Sunday, October 06, 2013

The Charterhouse of St. Martin in Naples

For the feast of Saint Bruno, the founder of the Carthusian Order, here are some pictures of one of the most beautiful of the order's monasteries, that of Saint Martin on the Vomero hill above Naples. Founded in 1325 by Charles, Duke of Calabria, the monastery remained under royal patronage through most of its history as an active monastery. (It was suppressed in 1866, and is now a goverment-run museum.) As a result, it is full of some extraordinarily elaborate decorations, especially from the early 17th century, when the Neapolitan Baroque style was first flourishing. An enormous complex grew up around the church in various phases, and any set of photographs will give only a very small idea of the place.

The main altar and nave of the church.
The Chapel of the Immaculate Conception

One of the sections of the large sacristy.

Detailing of the pavement - the Neapolitan Baroque style is especially famous for its highly elaborate floral patterns.

The main choir of the church.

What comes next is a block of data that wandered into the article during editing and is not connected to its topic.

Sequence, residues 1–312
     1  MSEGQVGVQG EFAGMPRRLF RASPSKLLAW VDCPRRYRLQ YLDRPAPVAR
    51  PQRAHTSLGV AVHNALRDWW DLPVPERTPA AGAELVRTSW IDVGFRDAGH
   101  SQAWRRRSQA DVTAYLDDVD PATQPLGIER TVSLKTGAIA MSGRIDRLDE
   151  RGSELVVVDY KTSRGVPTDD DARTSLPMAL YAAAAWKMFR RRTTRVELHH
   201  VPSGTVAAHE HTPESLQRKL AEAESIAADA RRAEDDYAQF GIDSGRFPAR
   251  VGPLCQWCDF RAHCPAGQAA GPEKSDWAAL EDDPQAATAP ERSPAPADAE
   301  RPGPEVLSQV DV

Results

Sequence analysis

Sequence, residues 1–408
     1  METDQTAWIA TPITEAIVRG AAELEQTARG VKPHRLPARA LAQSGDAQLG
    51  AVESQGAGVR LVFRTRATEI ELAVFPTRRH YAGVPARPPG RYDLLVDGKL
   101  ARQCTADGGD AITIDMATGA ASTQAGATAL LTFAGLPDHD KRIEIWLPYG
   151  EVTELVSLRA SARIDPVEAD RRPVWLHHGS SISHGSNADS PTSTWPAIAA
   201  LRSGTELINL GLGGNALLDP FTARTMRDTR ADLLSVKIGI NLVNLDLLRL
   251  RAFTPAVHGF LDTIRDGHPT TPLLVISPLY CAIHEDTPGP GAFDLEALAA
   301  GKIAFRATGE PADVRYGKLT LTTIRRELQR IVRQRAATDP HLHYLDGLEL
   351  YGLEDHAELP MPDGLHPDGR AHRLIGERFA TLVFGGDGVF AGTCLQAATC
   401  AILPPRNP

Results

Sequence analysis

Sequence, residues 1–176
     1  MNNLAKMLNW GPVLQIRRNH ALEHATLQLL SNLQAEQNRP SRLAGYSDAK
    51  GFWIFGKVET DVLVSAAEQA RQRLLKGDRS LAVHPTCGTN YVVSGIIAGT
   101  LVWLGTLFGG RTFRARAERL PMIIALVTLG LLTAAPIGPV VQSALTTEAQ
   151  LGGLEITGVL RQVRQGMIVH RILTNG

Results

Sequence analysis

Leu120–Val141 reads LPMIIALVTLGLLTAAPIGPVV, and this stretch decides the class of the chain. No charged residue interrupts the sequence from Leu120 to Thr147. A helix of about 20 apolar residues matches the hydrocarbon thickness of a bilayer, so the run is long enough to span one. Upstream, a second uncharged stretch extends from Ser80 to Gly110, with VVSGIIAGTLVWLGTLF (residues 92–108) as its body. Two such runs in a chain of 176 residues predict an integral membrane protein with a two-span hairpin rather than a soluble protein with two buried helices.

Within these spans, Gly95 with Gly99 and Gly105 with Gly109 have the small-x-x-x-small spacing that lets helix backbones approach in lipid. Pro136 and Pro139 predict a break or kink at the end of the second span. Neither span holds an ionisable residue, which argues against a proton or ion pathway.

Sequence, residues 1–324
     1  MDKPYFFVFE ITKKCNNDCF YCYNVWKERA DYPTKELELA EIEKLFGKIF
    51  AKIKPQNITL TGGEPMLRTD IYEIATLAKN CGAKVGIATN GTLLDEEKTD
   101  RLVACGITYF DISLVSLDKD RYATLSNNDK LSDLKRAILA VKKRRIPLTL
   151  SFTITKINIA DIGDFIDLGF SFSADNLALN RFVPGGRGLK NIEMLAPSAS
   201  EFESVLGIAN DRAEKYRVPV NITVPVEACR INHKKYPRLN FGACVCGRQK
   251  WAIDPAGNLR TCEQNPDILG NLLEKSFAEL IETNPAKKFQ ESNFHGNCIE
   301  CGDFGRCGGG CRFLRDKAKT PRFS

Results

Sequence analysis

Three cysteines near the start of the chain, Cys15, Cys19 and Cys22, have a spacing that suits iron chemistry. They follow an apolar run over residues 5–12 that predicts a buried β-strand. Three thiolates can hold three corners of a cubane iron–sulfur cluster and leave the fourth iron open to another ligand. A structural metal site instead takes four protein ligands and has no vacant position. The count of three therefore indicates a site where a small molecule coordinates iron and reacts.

The choir of the conversi, i.e. of the lay members who served the community, who would recite prayers together at various times, but not the whole of the Divine Office, which was of course the responsibility of the full professed. An interesting example of the pastoral wisdom of the order, which provides more elaborate decorations for them than for the main choir.

The grand cloister.

Memento mori

Two Carthusian Saints at one of the corners of the grand cloister. With typical Carthusian humility, neither one is labelled; presumably, the brethren would know them by sight.
Carthusians traditionally do not eat together in a refectory except on Sundays and great feasts. On most days, meals are brought through the cloister on a cart to the cells of the individual monks, and passed to them through the small door on the side of each cell's entrance.

The view of Naples from the monastery; in the background, the city's occasionally troublesome neighbor, Mount Vesuvius.

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